Court filings, conversations with Salman’s relatives, and Salman’s own public statements about her marriage to Mateen indicate she suffered from the same kind of physical and psychological abuse that Yusufiy did. According to court filings, Mateen beat Salman while she was pregnant with their son, forced her to have sex against her wishes, and tried to choke her. Mateen also tightly controlled Salman’s daily activities and threatened to kill her, among other psychological abuses. In a domestic violence “danger assessment” submitted to the court, Salman marked that she believed he was actually capable of killing her. According to Adieh, Salman’s aunt, he had threatened to take away their child or kill her family members if she spoke about the abuse to others.
Yet early media coverage of Salman’s trial, when it discussed her abuse at all, tended to frame it as a hurdle to seeking justice in the case. For instance, the New York Times said in one article that the abuse would be “a challenge for prosecutors” because Salman’s attorneys were “likely to portray her as a victim of an abusive husband who kept her in the dark about his deadly plot.” A reporter for the Orlando CBS-affiliate WKMG wrote, “One question prosecutors may try to address is, does Salman’s fear as a victim of domestic violence give her a pass to alert authorities to Mateen’s behavior and plans to harm others?”
Advocates found this framing absurd: Anne Patterson, division director of STEPS to End Family Violence, a New York City-based organization that provides legal services, referrals, and counseling to battered women defendants, said prosecutors are supposed to pursue justice and public safety. “Referring to who she is, and her survivorship, as a prosecutorial challenge? That doesn’t seem to be connected to the pursuit of justice or public safety,” Patterson said. “It feels to me like that’s only the pursuit of victory, of a prosecutorial win.”
Many mass shooters have later been revealed to have had a history of abusing their intimate partners, but the media often covers this correlation as though the partners should have been able to stop their heinous acts. Yusufiy, Mateen’s ex-wife, said she has received her share of victim-blaming, too, for not pressing charges against Mateen during their marriage. “People have said if I had pressed charges, he would have never been allowed to own a gun,” she said. “So I have to live with that.”
Advocates say that prosecutors could change the way that courts handle abuse victims in these cases, because they have the ability to intervene early and bring lesser charges, or none at all. According to Patterson, it would be particularly beneficial to survivors if prosecutors conducted more careful assessments during arraignment to determine the role abuse may have played in the defendant’s case. In lieu of prosecutorial reforms, however, criminal defense attorneys have to use creative legal strategies to make a strong case for survivor-defendants.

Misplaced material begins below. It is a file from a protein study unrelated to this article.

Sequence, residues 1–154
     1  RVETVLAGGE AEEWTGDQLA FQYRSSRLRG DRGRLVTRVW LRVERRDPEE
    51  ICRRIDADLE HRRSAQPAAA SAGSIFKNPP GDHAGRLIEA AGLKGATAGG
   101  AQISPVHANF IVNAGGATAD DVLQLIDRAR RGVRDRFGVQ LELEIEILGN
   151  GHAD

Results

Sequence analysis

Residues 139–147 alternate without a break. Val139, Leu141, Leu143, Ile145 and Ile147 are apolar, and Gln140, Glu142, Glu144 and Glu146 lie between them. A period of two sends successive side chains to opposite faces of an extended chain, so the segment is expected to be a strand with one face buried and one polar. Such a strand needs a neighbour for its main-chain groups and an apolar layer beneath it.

When defendants are being charged for violently retaliating against their abusers, defense attorneys have had some success by invoking self-defense or “stand your ground” laws, alongside testimony on battering and its effects, to illustrate that their defendants had a reasonable fear for their lives. Sue Osthoff, director and co-founder of the Philadelphia-based National Clearinghouse for the Defense of Battered Women, said that the battered women’s testimony has seen increasing acceptance in courtrooms since its first use in the late 1970s.
Experts also point to the “duress defense” as a possibility. In a recent New York Times op-ed about Salman’s trial, Georgetown law professor Deborah Epstein and victim advocate Kit Gruelle explained that “although rarely used, this defense excuses a person from criminal responsibility for actions if she had a well-grounded fear of incurring serious bodily injury for refusing to act and if she had no plausible hope of escaping the threat.”
Advocates have urged lawmakers to help address the harm that domestic violence inflicts before abuse victims encounter the criminal justice system. “If we had better, affordable legal resources that were also better trained in the issues surrounding domestic violence and so on, then our jails and prisons would be less packed with survivors,” said Lenz, of Survived and Punished.
In many of these prosecutions — especially in cases when victims are charged with crimes they didn’t even commit — victim-defendants themselves are in fact at the receiving end of the same kind of violence their abusers wrought on the world outside of their relationship.
“I have tremendous compassion for people who want there to be some accountability for the pain that they’ve experienced following the Pulse massacre,” said Patterson, from STEPS. “But they’re going about it all wrong, and it’s completely ignoring the fact that the pain that this man inflicted on this nightclub was pain that his partner has been enduring for, I imagine, the length of their relationship.”
Though Salman herself is not accused of any violence, protesters gathered outside of the courthouse in Florida during jury selection earlier this month to demand that Salman receive the death penalty for her husband’s crimes. (“FRY HER TILL SHE HAS NO PULSE,” one sign reportedly read.) When Salman was arrested in January 2017, Orlando Police Chief John W. Mina said, “Today, there is some relief in knowing that someone will be held accountable for that horrific crime.” Salman has been in custody — and unable to see her 5-year-old son — since that time.
“To make decisions about prosecution and sentencing without a deep understanding of how domestic violence works, the dynamics of that violence, is fundamentally unfair to survivors,” says Smith, of the Women in Prison Project. “We have a punitive legal system when it comes to criminal cases. It’s not so much about long-term justice for the community and reducing harm and addressing harm — it’s about punishment.”